A few days ago my friend Mel recommended I check out This War of Mine, because I don’t spend enough hours a day playing video games already. I’ve played it for 29.6 hours since then, and the only reason I haven’t played it for more is because I was at a Christmas party yesterday.
In This War Of Mine you do not play as an elite soldier, rather a group of civilians trying to survive in a besieged city; struggling with lack of food, medicine and constant danger from snipers and hostile scavengers. The game provides an experience of war seen from an entirely new angle.
I’ve played through it three times, reaching day 42 the first two times and 22 on the third. The game can last anywhere from 30 days and up, but generally 30-40 days. I guess I was just unlucky on my first two tries.
You start the game with one to four survivors (usually three) squatting in a half-destroyed house. You’re living in the city of Pogoren, which is in the middle of a war. Everything has been shelled, and most buildings are ruined. Snipers keep you in during the day, but one survivor can go out and scavenge every night under the cover of darkness. You can scavenge in a number of different places, though some places might be blocked by fighting, and if it’s winter, the snow can keep you from getting into others. You’re not the only scavenger out there, and a lot of the people you meet can be dangerous. Staying home can be dangerous too; if your defenses aren’t good (or even if they are), you can be raided by other desperate survivors.
There are twelve possible survivors–seven men and five women–and you get a random assortment each time. More may show up later, although you never seem to get more than four at a time. The locations available in the game and the dangers in each one are also randomly selected, making each play-through a little different. Sometimes you have a while to get ready before winter starts; sometimes the game starts in a blizzard.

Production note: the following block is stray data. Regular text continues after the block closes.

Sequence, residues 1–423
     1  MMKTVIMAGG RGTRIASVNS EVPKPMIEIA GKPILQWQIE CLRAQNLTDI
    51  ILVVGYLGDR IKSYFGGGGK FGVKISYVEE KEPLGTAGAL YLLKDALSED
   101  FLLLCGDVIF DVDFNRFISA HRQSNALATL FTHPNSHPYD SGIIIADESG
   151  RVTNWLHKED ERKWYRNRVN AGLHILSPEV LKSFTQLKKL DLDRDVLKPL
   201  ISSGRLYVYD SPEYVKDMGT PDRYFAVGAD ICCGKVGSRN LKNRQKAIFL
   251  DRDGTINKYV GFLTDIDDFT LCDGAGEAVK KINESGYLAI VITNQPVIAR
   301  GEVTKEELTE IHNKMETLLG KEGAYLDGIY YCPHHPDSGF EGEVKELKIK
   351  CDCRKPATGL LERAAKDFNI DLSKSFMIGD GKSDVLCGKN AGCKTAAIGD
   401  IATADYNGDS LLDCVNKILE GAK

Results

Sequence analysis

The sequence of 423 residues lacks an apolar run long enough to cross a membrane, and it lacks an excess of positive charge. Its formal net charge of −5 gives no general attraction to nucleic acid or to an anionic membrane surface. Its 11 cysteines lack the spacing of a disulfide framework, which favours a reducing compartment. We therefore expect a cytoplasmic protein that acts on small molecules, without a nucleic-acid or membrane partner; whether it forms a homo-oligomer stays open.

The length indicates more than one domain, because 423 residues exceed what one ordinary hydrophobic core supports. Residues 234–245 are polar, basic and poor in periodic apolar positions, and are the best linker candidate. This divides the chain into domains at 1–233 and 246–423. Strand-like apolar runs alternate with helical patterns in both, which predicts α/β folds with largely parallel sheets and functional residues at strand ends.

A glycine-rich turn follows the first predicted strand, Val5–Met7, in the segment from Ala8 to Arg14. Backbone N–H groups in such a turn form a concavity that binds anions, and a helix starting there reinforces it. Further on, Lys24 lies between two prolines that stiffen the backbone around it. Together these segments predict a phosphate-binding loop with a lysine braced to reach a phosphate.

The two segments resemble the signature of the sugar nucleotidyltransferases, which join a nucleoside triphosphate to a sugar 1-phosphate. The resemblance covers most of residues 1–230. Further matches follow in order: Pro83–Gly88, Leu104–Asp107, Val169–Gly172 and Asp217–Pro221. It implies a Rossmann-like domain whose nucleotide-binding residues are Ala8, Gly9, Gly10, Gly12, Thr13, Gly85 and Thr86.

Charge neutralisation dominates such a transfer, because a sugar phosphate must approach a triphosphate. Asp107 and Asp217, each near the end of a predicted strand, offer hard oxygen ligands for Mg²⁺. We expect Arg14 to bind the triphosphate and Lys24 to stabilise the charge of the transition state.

Your survivors all have four stats: happiness, hunger, illness and wounds. Each of those has five levels: for example happiness ranges from content to normal to sad to depressed to broken. Illness can go from normal to slightly wounded to wounded to seriously wounded to lethally wounded. If any of the stats gets too low, the survivor can die, which will seriously bring down the happiness levels of everyone else in the house.
The game was inspired by the Siege of Sarajevo, and is influenced by real events. 11 Bit Studios, the developer of the game, partnered with the charity War Child and their campaign “Real War is Not A Game“, which encourages games to demonstrate the realities of war. It’s a brutal game and really gives you an impression of how incredibly difficult it would be to live in this situation. It’s also very addictive, being just challenging enough to keep me playing again and again. I bought it for $19.99 on Steam and think it was well worth the price. Five out of five stars.